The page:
While the bloated Reagan transition bureaucracy in Washington continued its slap-happy ways, Rep. David Stockman journeyed to New York Dec. 18 to begin a mission of profound consequences for the new administration and the nation's economy.

As President-elect Reagan's choice to head the Office of Management and Budget, Stockman was there to get acquainted with captains of Wall Street's great financial houses. But he was also there as head of a new, unannounced Reagan administration "policy coordinating task force," to convince the money men they ought to be bullish on America.

Stockman's is actually the task force dealing with the economic emergency, one transition group whose mission and membership have not been revealed in press releases. Its goal is visible economic improvement -- including a revived bond market -- within 90 days. That length of time, rather than the cliche-worn 100 days, is used to demonstrate the desperate need for action now.

"We are not selling pain and misery," said one Stockman adviser who accompanied him on his daylong journey through Wall Street's board rooms. They were selling hope, based on radical steps to gain control of the budget, restrain the regulatory bureaucracy and slash tax rates.

At Stockman's side on the Wall Street tour, in addition to his advisers, was his close associate, Rep. Jack Kemp, the tireless apostle of tax reduction. Together they described plans for those 90 days intended to restore confidence, restrain inflation and rebuild a favorable business climate. It is hoped the money men will respond with investment decisions that quickly would succor the stricken bond market.

It was a tough sell. Wall Street is saturated with cynicism and pessimism that sees nothing but "pain and misery" ahead: stratospheric interest rates and a sluggish economy, topped off by hyper-inflation at the 20 percent level.

There is also ignorance in abundance. Stockman's post-election memorandum ("avoiding a GOP economic Dunkirk"), which called for emergency action at a pace comparable to Franklin D. Roosevelt's fabled hundred days, was misread by businessmen who perceived in it a threat of extralegal actions -- such as shutting down the banks, as FDR did in 1933.

Stockman's visit to Wall Street was made partly to end such nonsensical speculation. It was also to reiterate for the umpteenth time that a wage-price freeze is definitely not on Ronald Reagan's list of options for dealing with the emergency.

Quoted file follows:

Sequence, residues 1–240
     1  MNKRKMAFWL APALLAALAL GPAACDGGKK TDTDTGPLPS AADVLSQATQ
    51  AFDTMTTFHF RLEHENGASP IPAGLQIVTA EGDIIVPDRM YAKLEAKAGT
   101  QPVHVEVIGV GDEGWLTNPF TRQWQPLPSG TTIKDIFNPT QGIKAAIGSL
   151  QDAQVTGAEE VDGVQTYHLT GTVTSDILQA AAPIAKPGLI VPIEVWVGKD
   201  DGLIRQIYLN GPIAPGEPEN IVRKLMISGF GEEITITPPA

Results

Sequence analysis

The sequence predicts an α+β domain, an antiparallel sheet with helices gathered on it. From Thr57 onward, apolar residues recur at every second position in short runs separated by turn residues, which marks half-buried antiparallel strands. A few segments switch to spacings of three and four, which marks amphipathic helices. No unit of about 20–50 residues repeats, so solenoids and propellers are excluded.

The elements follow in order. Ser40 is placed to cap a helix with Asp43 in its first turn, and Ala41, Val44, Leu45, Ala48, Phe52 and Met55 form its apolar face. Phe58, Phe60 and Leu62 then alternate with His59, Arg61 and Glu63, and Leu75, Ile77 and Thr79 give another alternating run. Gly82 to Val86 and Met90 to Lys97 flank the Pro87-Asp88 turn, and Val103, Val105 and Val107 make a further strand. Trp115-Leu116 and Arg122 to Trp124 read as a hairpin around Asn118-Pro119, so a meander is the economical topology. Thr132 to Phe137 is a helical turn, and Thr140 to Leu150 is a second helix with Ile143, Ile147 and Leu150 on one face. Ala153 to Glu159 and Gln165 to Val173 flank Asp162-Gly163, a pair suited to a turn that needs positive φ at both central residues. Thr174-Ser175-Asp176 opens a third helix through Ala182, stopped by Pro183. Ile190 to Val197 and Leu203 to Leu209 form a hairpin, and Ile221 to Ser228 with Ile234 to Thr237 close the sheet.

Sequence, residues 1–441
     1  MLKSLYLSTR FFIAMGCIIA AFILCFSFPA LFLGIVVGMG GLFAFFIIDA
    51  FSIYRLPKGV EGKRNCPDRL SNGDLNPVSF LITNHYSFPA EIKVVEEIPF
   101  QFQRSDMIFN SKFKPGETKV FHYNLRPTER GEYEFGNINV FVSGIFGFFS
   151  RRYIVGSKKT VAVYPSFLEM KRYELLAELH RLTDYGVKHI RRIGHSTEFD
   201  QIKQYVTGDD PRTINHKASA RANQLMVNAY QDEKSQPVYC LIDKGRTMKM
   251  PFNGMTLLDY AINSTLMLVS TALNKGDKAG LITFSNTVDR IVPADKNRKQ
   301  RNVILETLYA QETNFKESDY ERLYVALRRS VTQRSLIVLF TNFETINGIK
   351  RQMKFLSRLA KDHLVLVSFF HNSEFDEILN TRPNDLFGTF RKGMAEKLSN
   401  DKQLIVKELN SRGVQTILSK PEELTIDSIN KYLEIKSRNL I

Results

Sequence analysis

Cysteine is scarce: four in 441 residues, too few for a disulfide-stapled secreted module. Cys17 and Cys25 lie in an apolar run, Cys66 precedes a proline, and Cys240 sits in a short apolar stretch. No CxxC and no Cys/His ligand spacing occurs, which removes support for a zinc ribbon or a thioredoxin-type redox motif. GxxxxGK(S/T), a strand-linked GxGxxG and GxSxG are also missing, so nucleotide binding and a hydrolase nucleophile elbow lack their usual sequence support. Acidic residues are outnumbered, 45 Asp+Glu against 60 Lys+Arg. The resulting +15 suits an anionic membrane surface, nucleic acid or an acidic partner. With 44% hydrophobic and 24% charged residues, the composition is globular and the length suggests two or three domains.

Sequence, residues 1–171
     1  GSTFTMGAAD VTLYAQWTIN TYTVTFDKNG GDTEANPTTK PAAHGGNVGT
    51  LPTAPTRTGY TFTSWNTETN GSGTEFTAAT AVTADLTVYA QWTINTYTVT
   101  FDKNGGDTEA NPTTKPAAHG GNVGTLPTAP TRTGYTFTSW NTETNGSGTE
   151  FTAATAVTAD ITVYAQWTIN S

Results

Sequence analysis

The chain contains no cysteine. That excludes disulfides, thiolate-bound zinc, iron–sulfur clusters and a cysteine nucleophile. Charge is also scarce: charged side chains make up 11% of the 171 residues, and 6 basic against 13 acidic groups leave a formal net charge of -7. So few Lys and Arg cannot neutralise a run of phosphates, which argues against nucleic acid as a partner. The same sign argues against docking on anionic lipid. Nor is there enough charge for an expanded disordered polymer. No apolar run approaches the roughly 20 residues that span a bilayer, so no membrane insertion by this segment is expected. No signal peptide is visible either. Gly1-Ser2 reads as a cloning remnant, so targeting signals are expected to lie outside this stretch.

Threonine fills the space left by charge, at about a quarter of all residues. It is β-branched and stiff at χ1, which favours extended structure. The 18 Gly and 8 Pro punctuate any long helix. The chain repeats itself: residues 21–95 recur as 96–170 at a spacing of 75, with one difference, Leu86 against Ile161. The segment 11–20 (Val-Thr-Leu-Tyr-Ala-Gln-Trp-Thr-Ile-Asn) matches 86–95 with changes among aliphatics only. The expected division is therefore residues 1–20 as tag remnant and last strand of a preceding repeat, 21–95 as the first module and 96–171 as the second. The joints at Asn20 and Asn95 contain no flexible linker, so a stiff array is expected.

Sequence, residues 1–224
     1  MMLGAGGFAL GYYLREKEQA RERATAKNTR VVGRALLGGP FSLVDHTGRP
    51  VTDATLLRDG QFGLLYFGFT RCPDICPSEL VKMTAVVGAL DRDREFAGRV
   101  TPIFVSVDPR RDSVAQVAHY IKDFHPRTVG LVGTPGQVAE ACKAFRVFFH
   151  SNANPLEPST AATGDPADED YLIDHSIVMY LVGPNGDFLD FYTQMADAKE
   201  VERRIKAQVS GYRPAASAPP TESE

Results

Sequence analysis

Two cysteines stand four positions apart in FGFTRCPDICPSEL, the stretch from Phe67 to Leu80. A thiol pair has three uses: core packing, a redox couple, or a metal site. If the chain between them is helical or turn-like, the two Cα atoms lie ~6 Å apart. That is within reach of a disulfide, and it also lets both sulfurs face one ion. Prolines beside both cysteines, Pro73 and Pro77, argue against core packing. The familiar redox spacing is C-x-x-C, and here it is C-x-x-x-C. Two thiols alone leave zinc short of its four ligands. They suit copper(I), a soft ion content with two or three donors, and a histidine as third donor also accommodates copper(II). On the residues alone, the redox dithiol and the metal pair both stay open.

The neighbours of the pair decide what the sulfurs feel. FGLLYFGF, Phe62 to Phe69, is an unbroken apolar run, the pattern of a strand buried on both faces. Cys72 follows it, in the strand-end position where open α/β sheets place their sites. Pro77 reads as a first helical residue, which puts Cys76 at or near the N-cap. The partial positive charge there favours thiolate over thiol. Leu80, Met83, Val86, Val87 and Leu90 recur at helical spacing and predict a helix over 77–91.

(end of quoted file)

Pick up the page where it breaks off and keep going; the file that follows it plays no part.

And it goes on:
But after making the rounds downtown Dec. 18, Stockman ran into static when he and Kemp dined in New York that night with some leading exponents of supply-side (pro-tax-cut) economics. Among those present were businessman Lewis Lehrman, politician Jeff Bell, scholar Irving Kristol, journalist Robert Bartley and business consultants Jude Wanniski and Richard Whalen. Even economist Alan Greenspan, no supply-sider but an ardent free-enterpriser, dropped by.

Some of the more doctrinaire supply-siders complained that Stockman was so intent on budget cuts that tax reduction was being sidetracked. The truth is, however, that even Kemp has dropped earlier misgivings about massive budget reduction on grounds that his tax plan cannot be credible without it.

Furthermore, Stockman and Kemp tried to disabuse the titans of Wall Street of their zeal to control the budget at the expense of widows and orphans. Stockman outlined budget options preferable both politically and economically to the favorite of financiers: reducing cost-of-living allowances for Social Security recipients, thereby punishing the most helpless victims of government-fed inflation.

Stockman will have important collaborators -- particularly if Lehrman (whom he met for the first time Dec. 18) is named chairman of the president's Council of Economic Advisers, as now seems possible. Lehrman would bring an understanding of monetary policy lacking in almost all politicians, including even Stockman. Treasury Secretary-designate Donald Regan will join in once he gets thoroughly briefed on the situation he faces and finishes explaining to conservatives that he didn't really mean it when he contributed all that money to Jimmy Carter and other Democrats.

Don Regan and Stockman have engaged in productive, congenial discussions (most recently with Kemp in Kemp's office). In time, a Regan-Stockman-Lehrman economic troika could prove formidable. But for now, the burden is on Dave Stockman, a 34-year-old bachelor workaholic, to devise immediate battle plans for avoiding that economic Dunkirk that looms not only for the GOP but for the entire nation.